Ponte della Maddalena (detto Ponte del Diavolo)

Ponte della Maddalena (detto Ponte del Diavolo)

Ponte della Maddalena (detto Ponte del Diavolo)
4.5
About
Constructed during the era of the Countess Matilde di Canossa (1046-1115,) this medieval bridge that spans the Serchio River is said to have been built with the aid of the devil himself.
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Popular mentions

4.5
4.5 of 5 bubbles871 reviews
Excellent
578
Very good
254
Average
30
Poor
6
Terrible
3

AngloItalian78
Aylesbury, UK435 contributions
5.0 of 5 bubbles
Sept 2023 • Couples
The Serchio valley offers some of inner Tuscany's most spectacular vistas and scenery and is worth driving round, especially if you have a hire car and are visiting the wider Florence and Lucca region.

The Devil's Bridge (more prettily named the Madeleine Bridge by some) is an impressive sight on the river as it goes through the little town of Borgo a Mozzano. As people have stated, aside from the bridge and a few restaurants and bars there isn't much to do here, but the food in one of the eateries was pretty good here and parking was fairly easy for us, maybe we got lucky, as we also just beat the rain.

Since the sky was turning from bright blue sunny to grey, dark and moody, we also managed to capture some wonderful photos, with beautiful reflections of the bridge and nearby buildings in the river which created an almost perfect mirror image in the water.

Highly recommended for a short stop on your pretty drive around Tuscany!
Written 11 January 2024
This review is the subjective opinion of a Tripadvisor member and not of Tripadvisor LLC. Tripadvisor performs checks on reviews as part of our industry-leading trust & safety standards. Read our transparency report to learn more.

Brun066
Florence, Italy12,726 contributions
5.0 of 5 bubbles
Sept 2023 • Family
I have crossed this extraordinary, scenic bridge several times, and each time I am admired by its strength combined with its elegance; but the last time (autumn 2023) I set out to delve deeper into the reason for such a demanding work.
The bridge is also known as the "Devil's Bridge"; but in fact, wherever a rather daring bridge was built in pre-industrial times, the legend was born that the devil himself built (or completed) it, in exchange for someone's soul. We only mention the similar case of the Teufelsbrücke, thrown onto the Reuss river near Andermatt (Switzerland), and also made famous by pictorial representations of the Romantic age, such as that of Peter Birmann (1824, now in Albertina, Vienna).
Therefore, the nickname of the Borgo a Mozzano bridge is not an isolated case.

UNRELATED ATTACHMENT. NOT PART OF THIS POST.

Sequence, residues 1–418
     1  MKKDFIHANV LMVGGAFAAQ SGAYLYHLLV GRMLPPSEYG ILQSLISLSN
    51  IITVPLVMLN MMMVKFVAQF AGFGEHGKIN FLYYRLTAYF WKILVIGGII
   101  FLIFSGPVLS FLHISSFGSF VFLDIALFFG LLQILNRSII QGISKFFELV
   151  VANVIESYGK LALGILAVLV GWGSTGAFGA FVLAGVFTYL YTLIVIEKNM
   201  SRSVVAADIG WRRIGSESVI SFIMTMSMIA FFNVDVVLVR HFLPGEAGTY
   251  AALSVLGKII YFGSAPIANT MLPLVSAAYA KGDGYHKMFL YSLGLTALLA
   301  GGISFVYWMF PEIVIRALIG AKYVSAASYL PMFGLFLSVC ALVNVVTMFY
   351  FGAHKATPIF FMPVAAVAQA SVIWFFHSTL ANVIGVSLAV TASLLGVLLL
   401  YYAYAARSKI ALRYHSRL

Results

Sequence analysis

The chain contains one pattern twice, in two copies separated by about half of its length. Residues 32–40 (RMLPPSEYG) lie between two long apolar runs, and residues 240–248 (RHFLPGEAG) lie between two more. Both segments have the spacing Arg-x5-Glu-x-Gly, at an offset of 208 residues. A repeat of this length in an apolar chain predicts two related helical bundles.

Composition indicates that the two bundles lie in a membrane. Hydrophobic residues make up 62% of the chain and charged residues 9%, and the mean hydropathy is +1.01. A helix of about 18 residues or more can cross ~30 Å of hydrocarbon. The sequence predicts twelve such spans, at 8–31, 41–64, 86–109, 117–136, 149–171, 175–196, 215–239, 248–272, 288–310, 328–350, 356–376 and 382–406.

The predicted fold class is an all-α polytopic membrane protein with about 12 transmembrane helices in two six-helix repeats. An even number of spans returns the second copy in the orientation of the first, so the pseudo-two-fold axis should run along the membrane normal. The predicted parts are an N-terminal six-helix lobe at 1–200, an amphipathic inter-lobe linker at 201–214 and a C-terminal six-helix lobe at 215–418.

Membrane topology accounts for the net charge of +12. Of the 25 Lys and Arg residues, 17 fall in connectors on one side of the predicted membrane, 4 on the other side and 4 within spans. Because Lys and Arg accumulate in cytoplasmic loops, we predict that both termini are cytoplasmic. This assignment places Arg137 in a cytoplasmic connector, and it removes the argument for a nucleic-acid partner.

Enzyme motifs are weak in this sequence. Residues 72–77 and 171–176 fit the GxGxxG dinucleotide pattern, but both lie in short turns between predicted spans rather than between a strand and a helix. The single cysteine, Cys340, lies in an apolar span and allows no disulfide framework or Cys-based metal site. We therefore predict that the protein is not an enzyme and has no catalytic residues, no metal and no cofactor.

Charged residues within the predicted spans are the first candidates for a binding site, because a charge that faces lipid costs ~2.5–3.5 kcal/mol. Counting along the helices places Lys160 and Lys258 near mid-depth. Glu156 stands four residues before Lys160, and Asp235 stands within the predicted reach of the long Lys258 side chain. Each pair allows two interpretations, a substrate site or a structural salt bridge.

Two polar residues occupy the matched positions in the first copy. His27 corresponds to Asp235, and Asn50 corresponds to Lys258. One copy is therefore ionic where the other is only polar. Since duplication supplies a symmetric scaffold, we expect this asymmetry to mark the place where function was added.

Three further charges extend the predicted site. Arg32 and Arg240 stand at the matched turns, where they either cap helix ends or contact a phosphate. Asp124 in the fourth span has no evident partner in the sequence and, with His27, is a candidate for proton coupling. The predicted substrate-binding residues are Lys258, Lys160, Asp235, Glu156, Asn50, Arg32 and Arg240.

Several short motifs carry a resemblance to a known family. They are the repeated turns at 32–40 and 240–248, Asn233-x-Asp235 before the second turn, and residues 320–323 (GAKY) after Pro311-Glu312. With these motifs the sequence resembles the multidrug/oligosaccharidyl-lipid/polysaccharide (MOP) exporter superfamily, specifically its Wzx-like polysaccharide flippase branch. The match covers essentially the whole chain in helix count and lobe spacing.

But Andermatt's example can help us resolve a more interesting question: "why a bridge right here"?
In fact, in the case of Andermatt the construction of the Teufelsbrücke is largely justified. It helped open the Gotthard road (around 1220), and this revolutionized the road network on a European scale; as demonstrated by a memorable 1929 article by Charles Gilliard.
Nothing so decisive happened with the Borgo a Mozzano bridge. All internet sources repeat monotonously that the bridge was built by Countess Matilde of Tuscany, around the year 1100, and that the current appearance of the bridge is mainly due to the restoration carried out by Castruccio Castracani, lord of Lucca, around the year 1300. And these sources also repeat that the bridge was built to improve communications. Obviously, but what communications?
Let's start by excluding some hypotheses. The itinerary along the valley floor of the Serchio river would work - and has worked over time - very well, even without this bridge.
Instead, the hypothesis is valid that the bridge was justified to enter the valley of the Lima river (a tributary of the Serchio more or less in correspondence with the bridge). But keep in mind that the current highway which from the Lima valley floor reaches the Apennine ridge (Abetone Pass) and from there descends towards Modena, is not a medieval construction, but from the end of the 18th century.
So, what justified the construction of this bridge?
The answer could be the nearby “Bagni di Lucca”.
In fact, this spa center "works" and has been renowned since the early Middle Ages (according to other interpretations, since the Roman Republican age). But the available sources allow us to state that the take-off of Bagni di Lucca is more or less contemporary with the opening of the Borgo a Mozzano bridge.
In the past, spa resorts (since medical knowledge was very primitive) had even greater importance than today. They attracted travellers, and particularly upper-middle class travellers, who came for treatment. Think of another famous Swiss case, that of the Gemmi Pass, which led to the Leukerbad spa, and which justified the opening (or improvement) of a very daring trail, which has been defined as "the scariest in the Alps".
Therefore, Devil's Bridge and the Bagni di Lucca spa are closely connected. In my view this is the most convincing hypothesis.